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Thanks Greg (for the link), to Carl's Sail Calculator v2.72, which is a great tool that allows you to look up sailboat parameters in a large database of boats, or enter your own boat and compare to the others. In addition, for any boat you can calculate a set of quantities that will help you measure how it will perform.

Here’s some additional links regarding “ Hull Shape and Performance”:

“Estimating Stability” - by John Holtrop: http://www.johnsboatstuff.com/Articles/estimati.htm

“Calculating a Personal Increment Number” - By Nigel Calder
http://www.sailmag.com/SAILcalder.pdf

“Sailboat Design & Stability” - US Sailing (includes an on-line calculator)
http://www.sailingusa.info/design_winds.htm

Regards,
Gord May
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Old 20-06-2005, 22:22   #4
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Hi Gordon,

Nice to see that you are still posting high quality, general information posts.

As you probably recall, I am always cautious about relying on the 'numbers' when comparing boats. They really provide almost no useful information unless viewed judicuiously with regards to all of the other factors that contribute to the behaivor of a boat.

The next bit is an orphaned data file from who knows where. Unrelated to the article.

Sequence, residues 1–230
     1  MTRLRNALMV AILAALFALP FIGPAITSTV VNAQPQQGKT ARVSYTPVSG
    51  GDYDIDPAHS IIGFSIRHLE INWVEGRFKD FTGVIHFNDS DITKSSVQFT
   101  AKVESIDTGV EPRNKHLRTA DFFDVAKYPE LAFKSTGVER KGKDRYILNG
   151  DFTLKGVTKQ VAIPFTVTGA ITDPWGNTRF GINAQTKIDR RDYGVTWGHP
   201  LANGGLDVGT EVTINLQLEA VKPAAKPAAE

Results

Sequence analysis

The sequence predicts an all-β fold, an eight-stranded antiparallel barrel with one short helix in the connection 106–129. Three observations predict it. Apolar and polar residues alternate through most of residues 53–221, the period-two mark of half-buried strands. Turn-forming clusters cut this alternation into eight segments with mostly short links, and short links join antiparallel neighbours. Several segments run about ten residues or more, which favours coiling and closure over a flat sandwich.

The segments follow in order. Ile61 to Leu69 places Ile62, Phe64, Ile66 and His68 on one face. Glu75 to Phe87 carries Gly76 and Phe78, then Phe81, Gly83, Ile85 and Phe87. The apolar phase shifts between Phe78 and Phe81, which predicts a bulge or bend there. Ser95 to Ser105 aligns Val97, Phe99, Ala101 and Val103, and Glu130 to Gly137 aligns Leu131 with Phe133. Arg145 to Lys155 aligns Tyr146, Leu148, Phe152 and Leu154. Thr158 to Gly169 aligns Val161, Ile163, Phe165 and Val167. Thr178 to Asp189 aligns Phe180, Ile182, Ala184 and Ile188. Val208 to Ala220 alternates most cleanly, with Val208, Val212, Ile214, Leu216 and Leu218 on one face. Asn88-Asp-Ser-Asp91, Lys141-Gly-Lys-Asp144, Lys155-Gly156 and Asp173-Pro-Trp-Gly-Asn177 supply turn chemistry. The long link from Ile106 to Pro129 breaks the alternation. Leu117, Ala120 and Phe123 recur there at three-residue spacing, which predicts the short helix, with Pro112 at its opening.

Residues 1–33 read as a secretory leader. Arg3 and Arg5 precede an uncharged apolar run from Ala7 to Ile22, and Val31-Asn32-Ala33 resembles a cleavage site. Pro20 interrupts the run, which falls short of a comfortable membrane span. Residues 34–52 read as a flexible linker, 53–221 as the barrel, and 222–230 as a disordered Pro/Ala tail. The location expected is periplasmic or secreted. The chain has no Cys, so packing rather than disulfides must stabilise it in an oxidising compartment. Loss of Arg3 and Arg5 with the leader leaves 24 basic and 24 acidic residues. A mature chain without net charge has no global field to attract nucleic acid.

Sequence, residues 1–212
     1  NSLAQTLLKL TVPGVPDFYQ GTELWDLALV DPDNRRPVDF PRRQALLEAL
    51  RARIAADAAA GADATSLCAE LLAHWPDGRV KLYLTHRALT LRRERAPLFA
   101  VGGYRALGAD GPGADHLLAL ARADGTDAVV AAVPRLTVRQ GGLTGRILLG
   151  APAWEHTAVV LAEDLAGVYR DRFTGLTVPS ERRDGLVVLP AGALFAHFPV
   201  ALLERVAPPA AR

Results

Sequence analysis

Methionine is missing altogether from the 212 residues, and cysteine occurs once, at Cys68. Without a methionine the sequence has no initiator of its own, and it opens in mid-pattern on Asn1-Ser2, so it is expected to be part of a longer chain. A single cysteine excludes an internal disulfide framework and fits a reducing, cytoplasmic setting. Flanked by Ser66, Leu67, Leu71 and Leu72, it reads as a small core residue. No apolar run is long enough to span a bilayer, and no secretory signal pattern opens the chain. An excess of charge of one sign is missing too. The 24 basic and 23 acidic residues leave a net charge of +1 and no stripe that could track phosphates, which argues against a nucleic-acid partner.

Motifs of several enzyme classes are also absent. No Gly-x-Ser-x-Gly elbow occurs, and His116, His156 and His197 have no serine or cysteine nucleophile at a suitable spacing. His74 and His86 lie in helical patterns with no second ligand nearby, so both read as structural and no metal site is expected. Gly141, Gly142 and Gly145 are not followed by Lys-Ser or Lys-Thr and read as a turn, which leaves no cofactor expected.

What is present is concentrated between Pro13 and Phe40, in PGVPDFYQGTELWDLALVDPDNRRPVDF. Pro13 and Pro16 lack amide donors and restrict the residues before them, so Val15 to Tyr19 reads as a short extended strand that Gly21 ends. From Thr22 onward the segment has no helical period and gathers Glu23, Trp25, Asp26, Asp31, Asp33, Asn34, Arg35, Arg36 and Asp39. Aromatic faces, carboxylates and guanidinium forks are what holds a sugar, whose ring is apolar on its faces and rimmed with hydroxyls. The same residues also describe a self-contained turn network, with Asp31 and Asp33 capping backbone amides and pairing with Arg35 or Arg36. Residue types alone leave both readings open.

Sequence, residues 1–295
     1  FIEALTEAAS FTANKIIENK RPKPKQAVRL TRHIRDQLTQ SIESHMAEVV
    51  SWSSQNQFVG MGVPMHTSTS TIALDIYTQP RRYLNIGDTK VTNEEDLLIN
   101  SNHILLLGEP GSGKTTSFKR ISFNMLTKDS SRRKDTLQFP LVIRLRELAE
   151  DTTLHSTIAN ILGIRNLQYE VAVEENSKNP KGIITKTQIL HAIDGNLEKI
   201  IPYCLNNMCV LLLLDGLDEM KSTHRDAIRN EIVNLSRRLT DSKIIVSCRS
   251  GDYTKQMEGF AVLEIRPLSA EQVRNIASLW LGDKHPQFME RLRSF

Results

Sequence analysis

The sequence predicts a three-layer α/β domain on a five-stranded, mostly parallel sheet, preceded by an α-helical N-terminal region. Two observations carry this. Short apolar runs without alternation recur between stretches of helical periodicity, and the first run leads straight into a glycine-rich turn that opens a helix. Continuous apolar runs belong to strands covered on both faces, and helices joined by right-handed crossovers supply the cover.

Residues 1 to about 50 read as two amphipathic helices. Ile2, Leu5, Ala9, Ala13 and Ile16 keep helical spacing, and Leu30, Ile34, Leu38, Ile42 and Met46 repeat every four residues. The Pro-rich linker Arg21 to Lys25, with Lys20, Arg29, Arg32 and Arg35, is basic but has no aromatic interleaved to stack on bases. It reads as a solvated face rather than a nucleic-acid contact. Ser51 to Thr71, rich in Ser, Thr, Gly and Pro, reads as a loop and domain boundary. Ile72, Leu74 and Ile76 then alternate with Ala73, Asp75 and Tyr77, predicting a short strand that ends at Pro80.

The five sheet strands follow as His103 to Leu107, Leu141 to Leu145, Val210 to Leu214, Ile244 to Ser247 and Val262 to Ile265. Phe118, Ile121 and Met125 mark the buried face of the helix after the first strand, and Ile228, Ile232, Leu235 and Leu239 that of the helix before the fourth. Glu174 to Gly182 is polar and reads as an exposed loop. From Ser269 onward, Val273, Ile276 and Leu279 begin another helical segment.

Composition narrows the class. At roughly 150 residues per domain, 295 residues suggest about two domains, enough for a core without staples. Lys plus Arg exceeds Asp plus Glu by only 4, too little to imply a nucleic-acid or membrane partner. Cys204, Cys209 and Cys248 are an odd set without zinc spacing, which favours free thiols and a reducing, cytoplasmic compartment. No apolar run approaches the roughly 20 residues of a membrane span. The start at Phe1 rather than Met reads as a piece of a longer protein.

I do want to touch on a couple specific points in your posting. In a general sense this information seems to be an older interpretation of some of these ratios than the current thinking. I would say that much of the descriptions included would be true of boats built perhaps 20 years ago, but are less true of the better modern designs. To touch on this more specifically:


Displacement/Waterline Length - D/L :

The most recent scale on relative D/L has changed to reflect the current trend in longer waterline lengths over older boats. This trend would make it seem that boats have gotten much lighter than they actually have. Boats of a given length on deck weigh pretty much what they did 10- 15 years ago but their waterline lengths are much longer. When looking at more modern designs the scale looks something like: